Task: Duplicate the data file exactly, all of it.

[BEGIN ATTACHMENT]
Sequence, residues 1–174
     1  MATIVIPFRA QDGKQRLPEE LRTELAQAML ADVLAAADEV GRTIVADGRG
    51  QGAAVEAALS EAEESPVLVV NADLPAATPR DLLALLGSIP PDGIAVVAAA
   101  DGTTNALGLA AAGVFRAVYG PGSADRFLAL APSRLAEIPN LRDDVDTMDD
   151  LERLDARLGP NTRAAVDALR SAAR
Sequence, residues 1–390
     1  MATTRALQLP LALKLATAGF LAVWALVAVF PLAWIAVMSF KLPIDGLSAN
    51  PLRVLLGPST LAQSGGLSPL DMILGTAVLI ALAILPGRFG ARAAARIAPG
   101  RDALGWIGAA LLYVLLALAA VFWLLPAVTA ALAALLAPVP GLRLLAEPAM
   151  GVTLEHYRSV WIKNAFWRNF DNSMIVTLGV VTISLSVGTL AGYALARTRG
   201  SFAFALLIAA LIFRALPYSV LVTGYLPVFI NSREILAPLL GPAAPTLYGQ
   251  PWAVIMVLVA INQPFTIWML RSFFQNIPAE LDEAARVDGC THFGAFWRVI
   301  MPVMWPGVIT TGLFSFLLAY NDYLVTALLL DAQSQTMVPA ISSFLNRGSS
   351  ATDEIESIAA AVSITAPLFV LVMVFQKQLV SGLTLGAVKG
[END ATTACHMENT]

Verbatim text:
Sequence, residues 1–174
     1  MATIVIPFRA QDGKQRLPEE LRTELAQAML ADVLAAADEV GRTIVADGRG
    51  QGAAVEAALS EAEESPVLVV NADLPAATPR DLLALLGSIP PDGIAVVAAA
   101  DGTTNALGLA AAGVFRAVYG PGSADRFLAL APSRLAEIPN LRDDVDTMDD
   151  LERLDARLGP NTRAAVDALR SAAR
Sequence, residues 1–390
     1  MATTRALQLP LALKLATAGF LAVWALVAVF PLAWIAVMSF KLPIDGLSAN
    51  PLRVLLGPST LAQSGGLSPL DMILGTAVLI ALAILPGRFG ARAAARIAPG
   101  RDALGWIGAA LLYVLLALAA VFWLLPAVTA ALAALLAPVP GLRLLAEPAM
   151  GVTLEHYRSV WIKNAFWRNF DNSMIVTLGV VTISLSVGTL AGYALARTRG
   201  SFAFALLIAA LIFRALPYSV LVTGYLPVFI NSREILAPLL GPAAPTLYGQ
   251  PWAVIMVLVA INQPFTIWML RSFFQNIPAE LDEAARVDGC THFGAFWRVI
   301  MPVMWPGVIT TGLFSFLLAY NDYLVTALLL DAQSQTMVPA ISSFLNRGSS
   351  ATDEIESIAA AVSITAPLFV LVMVFQKQLV SGLTLGAVKG